Opening this year’s Glasgow Film Festival is The Grand Budapest Hotel from quirky auteur Wes Anderson, yet another film that proves no one makes them quite like him.
A charming journey into the past to tell the story of the eponymous institution and its various occupants, we start things in the present day when a travelling writer (Tom Wilkinson) describes his time visiting the Grand Budapest in the ’80s. We cut back to his time there (now played by Jude Law) where he meets the mysterious Mr. Mustafa (F. Murray Abraham) who is more than happy to tell his story.
Cut back even further to 1932 where we find Mr. Mustafa as fresh-faced lobby boy Zero (Tony Revolori) under the employment of Gustav H. (Ralph Fiennes), a perfectionist concierge who takes more than a professional interest in his rich, elderly guests. When one of his beloved patrons, Madame D (Tilda Swinton), dies suddenly, he promptly finds out he has been left a very valuable painting in her will. The family isn’t too happy about this, not least of which her son Dimitri (Adrien Brody) who sets out after Gustav and Zero to retrieve the painting when they go on the run after being accused of Madame D’s murder.
This is unmistakably an Anderson picture, impeccably designed down to the smallest detail – you can just tell every inch of the titular building has been meticulously planned and inspected – and dialogue delivered in the quirky, deliberate manner his fans have come to know and love. On a purely technical and visual level the film is exquisite, from its eclectic pastel-shaded colour palette to the costumes and sets, all of which make it seem like some sort of idiosyncratic painting come to life.
But there’s also more to it than surface level perfectionism. The script is beautifully structured with this three tiered flashback approach that ties into its themes of legacy and looking back with fondness and longing. The dialogue is zippy, funny and eminently quotable, the humour pitched just at the right level of wry and knowing without tipping over into pretentiousness. And while it’s not as emotionally engaging as something like Moonrise Kingdom, there is still some emotional resonance to be found, particularly in a scene in which Gustav realises the error of his his passive, rude behaviour towards Zero.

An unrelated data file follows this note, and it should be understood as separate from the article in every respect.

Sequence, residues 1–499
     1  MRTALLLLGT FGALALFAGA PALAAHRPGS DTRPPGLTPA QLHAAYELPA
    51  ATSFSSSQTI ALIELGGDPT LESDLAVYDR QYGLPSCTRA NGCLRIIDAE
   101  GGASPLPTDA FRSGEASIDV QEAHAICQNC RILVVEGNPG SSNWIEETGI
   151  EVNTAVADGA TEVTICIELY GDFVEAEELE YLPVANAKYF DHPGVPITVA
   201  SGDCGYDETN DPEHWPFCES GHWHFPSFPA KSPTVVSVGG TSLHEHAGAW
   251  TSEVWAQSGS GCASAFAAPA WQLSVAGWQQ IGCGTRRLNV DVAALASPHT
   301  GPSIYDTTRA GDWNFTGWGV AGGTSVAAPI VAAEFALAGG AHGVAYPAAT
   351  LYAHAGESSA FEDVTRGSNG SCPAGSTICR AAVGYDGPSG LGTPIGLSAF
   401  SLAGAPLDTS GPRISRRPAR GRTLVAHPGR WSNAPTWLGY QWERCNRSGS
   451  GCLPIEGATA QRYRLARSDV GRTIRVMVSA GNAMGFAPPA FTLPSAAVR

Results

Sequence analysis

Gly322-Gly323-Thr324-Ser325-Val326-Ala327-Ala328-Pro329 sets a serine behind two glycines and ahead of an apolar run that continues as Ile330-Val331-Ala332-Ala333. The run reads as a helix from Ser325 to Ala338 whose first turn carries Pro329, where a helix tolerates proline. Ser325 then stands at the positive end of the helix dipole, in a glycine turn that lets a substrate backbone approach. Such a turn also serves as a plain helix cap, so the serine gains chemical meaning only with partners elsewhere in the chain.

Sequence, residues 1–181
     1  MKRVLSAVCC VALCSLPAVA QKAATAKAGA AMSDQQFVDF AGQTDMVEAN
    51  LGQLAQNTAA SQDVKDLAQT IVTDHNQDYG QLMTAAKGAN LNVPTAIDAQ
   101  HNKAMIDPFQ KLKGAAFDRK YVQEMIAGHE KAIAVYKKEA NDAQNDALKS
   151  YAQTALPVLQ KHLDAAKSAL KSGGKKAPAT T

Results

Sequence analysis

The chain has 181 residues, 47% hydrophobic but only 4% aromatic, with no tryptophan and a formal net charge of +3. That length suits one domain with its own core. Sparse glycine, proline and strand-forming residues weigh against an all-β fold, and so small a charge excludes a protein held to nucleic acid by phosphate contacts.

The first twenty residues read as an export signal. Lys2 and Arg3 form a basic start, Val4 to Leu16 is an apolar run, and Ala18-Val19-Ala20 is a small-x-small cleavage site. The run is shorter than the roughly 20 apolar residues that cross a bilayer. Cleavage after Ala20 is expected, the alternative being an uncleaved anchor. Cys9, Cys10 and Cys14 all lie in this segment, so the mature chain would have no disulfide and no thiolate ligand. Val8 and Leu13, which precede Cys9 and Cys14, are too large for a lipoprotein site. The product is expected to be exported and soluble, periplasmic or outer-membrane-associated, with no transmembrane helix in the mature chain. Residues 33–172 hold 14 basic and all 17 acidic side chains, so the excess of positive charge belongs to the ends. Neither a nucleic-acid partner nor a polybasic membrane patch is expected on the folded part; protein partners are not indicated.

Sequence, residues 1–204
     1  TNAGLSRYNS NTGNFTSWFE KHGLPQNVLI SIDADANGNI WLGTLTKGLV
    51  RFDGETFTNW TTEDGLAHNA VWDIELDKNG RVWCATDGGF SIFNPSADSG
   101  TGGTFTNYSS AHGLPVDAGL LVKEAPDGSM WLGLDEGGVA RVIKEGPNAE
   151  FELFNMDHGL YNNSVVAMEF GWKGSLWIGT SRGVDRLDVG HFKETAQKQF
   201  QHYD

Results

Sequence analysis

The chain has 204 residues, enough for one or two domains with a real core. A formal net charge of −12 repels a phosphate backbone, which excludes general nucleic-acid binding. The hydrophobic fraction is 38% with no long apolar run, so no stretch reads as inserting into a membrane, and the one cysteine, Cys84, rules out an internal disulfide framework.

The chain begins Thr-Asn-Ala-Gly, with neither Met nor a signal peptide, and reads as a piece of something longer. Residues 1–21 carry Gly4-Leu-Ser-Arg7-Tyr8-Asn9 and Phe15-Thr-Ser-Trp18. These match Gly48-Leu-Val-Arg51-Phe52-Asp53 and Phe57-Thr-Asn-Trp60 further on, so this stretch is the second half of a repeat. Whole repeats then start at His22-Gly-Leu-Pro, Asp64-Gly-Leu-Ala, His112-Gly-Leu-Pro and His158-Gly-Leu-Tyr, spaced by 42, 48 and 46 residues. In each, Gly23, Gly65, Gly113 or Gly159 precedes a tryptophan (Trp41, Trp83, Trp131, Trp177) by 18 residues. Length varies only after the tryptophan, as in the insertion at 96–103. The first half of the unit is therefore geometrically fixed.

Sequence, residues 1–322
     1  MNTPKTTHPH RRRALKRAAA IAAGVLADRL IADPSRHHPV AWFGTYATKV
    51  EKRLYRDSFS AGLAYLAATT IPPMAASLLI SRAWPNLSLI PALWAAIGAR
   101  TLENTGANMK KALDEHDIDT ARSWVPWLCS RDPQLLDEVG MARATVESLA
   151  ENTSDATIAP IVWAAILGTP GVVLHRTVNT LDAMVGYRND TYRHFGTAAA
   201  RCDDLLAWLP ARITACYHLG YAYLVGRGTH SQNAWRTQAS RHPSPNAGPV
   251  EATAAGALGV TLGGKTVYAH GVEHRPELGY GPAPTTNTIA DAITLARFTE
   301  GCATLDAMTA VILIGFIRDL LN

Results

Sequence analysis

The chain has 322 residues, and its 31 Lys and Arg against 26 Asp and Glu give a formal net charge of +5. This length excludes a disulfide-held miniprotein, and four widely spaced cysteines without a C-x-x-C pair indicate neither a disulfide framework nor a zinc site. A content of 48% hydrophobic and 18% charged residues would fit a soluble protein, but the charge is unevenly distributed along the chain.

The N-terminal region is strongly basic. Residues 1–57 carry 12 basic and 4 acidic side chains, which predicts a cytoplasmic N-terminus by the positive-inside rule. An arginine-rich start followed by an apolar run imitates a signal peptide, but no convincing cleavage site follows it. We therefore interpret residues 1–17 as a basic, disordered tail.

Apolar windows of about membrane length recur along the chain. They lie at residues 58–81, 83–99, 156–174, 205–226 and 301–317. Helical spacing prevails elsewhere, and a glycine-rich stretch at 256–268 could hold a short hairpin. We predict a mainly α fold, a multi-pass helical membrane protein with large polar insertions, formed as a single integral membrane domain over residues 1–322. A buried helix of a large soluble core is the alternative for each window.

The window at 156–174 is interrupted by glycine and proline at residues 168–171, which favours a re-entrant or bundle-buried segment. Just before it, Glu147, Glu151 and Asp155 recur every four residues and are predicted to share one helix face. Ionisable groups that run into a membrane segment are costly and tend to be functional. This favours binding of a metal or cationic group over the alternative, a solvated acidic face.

It’s populated by an absolute stellar cast, some of whom will be welcome and familiar faces to Anderson fans like Jason Schwartzman, Bill Murray and Owen Wilson, while the likes of Fiennes, Abraham, Saoirse Ronan and newcomer Revolori inject fresh blood into the director’s inimitable world creation, which in this case feels at once knowingly manufactured and entirely believable in its own right. Fiennes is particularly great here, giving a nuanced performance that brings a humanity to a potentially unlikeable character. Even when he does something stupid or says something rude and mean we’re still right along with him.
Part comedic character study, part farcical adventure, The Grand Budapest Hotel is another charmer from a director who is, like him or a not, a truly unique cinematic voice. While the multiple narration throughout as we jump between each of the time periods is a little unnecessary and distracting, it doesn’t take away too much from what is otherwise a beautifully designed delight, filled with great performances of characters that are a joy to be around. I’m not sure it will convert anyone who isn’t already an Anderson fan but it’s made with admirable affection and feels as much like a film made to satisfy the director’s own artistic ambitions as it does those who wait with bated breath for each and every one of his projects.
The Grand Budapest Hotel is released in UK cinemas on March 7th.